Reporter’s Digital How-to

By: Charles Bowen

BEATING THE CLOCK AT A WEB SITE

Timely Information For the Chronologically Challenged



To get started, visit the site at http://www.timeanddate.com.



You may have thought after last New Year’s Eve faux-millennium madness
that you would never want to talk about time again. However, in the
sober light of the new year’s dawning, you probably have reconciled
yourself with the calendar and the clock. In fact, you and your
newsroom can’t make it through a single cycle without repeatedly
consulting both time-honored instruments – even if you do have to make
minor adjustments by counting on your fingers and toes.



For instance:

? The city council passes an ordinance that is retroactive 60 days.
Let’s see, that date would be … 30 plus 31 is 61, minus … uh …

? An incident reported on the wire occurred at 6 p.m. in Jakarta,
Indonesia, which locally would be … How many time zones away is that,
anyway?

? The trial testimony says the murder occurred on Oct. 23, 1995, but
what day of the week was that?

? The local adventurers tell your reporter they were hiking the
Himalayas from April 22 to Sept. 6. And that would be how many days?



For these and hundreds of other little time- and date-related
questions, an Internet site created by a young Norwegian named Steffen
Thorsen needs to be in your digital toolbelt.


Timeanddate.com is a simple, no-frills collection of fast, efficient
utilities that let you get your answers in a hurry, then get back to
your writing and editing. To use it, visit the site at
http://www.timeanddate.com, where the introductory screen lists its
tools with hyperlinks.



Need to know what time it is currently anywhere in the world? Click the
‘World Clock’ option at the top of the ‘Time’ column. The site then
displays a table of major cities around the world with the current
time. Click any highlighted city to see details, including information
on the sunrise and sunset there and whether the city recognizes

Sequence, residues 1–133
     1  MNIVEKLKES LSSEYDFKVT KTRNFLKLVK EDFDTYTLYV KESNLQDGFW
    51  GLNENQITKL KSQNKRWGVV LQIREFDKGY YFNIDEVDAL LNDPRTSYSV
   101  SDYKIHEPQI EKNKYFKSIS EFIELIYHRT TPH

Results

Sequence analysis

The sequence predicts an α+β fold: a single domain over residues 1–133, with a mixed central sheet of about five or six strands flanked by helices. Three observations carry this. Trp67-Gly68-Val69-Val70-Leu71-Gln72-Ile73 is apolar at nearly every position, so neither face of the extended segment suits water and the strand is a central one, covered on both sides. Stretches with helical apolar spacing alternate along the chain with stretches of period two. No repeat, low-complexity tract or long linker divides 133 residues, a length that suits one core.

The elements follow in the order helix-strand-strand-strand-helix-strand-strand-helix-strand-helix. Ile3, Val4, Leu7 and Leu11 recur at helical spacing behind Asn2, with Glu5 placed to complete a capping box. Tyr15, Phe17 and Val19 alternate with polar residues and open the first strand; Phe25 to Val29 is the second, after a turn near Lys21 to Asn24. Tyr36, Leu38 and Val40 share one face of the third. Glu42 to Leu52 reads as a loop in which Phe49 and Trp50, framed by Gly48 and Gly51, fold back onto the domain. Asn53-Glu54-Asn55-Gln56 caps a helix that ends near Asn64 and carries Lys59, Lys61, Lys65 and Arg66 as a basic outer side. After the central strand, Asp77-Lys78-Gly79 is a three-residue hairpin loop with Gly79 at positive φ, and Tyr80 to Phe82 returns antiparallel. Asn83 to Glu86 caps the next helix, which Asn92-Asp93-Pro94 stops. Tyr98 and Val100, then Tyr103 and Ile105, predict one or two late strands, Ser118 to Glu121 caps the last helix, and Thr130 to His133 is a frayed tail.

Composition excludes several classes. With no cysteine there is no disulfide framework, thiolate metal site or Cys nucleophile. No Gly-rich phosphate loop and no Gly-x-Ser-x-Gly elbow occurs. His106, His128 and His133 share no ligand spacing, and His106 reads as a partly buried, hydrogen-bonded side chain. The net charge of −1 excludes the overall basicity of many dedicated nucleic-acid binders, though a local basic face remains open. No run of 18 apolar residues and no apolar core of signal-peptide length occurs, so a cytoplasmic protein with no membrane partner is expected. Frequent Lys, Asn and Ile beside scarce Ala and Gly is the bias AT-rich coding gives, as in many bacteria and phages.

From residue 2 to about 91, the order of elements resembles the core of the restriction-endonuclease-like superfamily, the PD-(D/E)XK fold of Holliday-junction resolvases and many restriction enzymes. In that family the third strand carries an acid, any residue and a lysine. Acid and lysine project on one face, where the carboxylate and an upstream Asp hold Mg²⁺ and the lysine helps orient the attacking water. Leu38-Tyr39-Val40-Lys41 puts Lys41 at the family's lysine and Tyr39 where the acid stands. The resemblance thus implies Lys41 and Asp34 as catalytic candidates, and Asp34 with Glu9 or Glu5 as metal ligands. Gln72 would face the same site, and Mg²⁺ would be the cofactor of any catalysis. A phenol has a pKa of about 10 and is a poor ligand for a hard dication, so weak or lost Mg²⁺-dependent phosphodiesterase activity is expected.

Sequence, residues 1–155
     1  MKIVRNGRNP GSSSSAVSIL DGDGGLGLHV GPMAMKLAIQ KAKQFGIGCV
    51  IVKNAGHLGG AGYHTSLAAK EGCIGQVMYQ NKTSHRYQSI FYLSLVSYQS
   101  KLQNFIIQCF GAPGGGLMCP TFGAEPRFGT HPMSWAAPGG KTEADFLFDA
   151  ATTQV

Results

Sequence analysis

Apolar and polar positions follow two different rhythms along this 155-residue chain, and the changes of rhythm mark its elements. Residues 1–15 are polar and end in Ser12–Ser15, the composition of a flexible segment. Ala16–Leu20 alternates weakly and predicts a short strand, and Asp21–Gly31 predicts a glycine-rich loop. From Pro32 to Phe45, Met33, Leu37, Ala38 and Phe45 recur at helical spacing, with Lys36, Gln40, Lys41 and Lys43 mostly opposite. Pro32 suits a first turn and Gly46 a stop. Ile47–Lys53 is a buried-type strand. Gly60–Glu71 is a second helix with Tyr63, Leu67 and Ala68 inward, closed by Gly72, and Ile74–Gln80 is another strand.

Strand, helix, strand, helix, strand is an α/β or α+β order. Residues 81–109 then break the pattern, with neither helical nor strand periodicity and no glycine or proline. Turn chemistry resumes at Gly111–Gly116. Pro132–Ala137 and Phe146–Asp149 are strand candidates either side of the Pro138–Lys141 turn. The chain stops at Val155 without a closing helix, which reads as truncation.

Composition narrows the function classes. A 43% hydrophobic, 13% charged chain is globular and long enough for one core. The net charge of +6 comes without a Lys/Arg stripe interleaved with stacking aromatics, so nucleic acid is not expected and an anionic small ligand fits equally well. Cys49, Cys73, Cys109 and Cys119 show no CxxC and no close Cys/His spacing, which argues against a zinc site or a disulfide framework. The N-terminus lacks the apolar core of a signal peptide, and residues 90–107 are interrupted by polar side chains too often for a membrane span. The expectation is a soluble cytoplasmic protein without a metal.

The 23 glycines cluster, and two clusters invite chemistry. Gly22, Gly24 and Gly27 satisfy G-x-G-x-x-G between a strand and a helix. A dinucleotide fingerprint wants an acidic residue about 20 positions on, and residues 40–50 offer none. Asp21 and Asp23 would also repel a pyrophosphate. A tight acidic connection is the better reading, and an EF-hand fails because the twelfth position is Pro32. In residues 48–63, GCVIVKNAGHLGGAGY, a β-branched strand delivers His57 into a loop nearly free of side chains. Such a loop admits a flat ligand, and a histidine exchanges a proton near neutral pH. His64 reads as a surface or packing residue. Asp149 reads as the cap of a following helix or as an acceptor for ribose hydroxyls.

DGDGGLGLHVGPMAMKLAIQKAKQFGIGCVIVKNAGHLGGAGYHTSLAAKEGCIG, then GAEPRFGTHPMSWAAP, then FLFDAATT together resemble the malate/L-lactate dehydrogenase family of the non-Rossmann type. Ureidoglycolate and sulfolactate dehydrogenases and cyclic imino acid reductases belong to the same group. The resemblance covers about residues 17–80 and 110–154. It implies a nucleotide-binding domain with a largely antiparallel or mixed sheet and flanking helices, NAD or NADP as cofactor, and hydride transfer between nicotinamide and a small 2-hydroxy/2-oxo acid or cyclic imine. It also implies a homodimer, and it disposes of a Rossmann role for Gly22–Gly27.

daylight-

saving time.



In too much of a hurry to scan a list? Then search instead. Click the
‘Search for City’ link on the introductory screen, and you’ll be
prompted to enter the name of a city, state, or continent. You can link
multiple locations with a comma (as in ‘U.S., Mexico’).

But what if, instead of the current time, you need to compute the time
difference for a set hour? Remember the story that reported something
happening at 6 p.m. in Jakarta? What time was that in New York? For
these problems, you need Thorsen’s ‘fixed time’ tool. Reach it by
clicking the ‘and more’ link at the bottom of the ‘Time’ column on the
introductory screen and select the ‘Fixed Time World Clock’ from the
subsequent display.



For questions related to dates rather than hours and minutes, click the
introductory screen’s ‘Calendar’ link at the head of the ‘Date’ column.
You then will be shown the 12 months for the current year, along with
moon phases and holidays for each. Scroll to the bottom of the display
where you can enter a new year (and country).



Need to see when the full moon in January was in 1949? This is your
resource!

Other considerations in using timeanddate.com for your work:



1. To answer questions such as how many days our hardy trekkers were
climbing around the Himalayas, click the introductory screen’s link to
‘Duration between two dates.’ (It is 137 days from April 22 to Sept. 6,
incidentally.) The feature will even let you calculate the duration
down to minutes and seconds, assuming you require that kind of
precision.



2. If you need a quick fix on what the date will be after a certain
number of days, click Thorsen’s introductory page link labeled ‘What
date is in 500 days?’ On the resulting screen, you can indicate a
starting date (or leave it blank if you are calculating from today),
then ask to add (or subtract) a designated number of days. The site
then displays what day that will be (or was, if you’re subtracting.)
The same calculator can compute minutes and seconds.



3. Finally, in the area of totally nonsensical (but nonetheless
captivating) information, Thorsen has given us a calculator to
determine when a person’s age reaches an interesting round number. Want
to know when you can celebrate your 20,000th day? This feature
(http://www.timeanddate.com/ date/birthday.html) can actually tell you.
It prompts you for a birthday (complete with hour and minute, if you
have it). Click the ‘Calculate Useless Facts!’ button … and, well,
maybe one of your columnists could use this …



~~~~~~~~~~~~~~~~~~~~~~~~~~~~~~~



Bowen writes columns, articles and books from West
Virginia, and is host of the daily Internet News syndicated
radio show (http://www.netnewstoday.com). charlesbowen@compuserve.com



(c) Copyright 2000, Editor & Publisher

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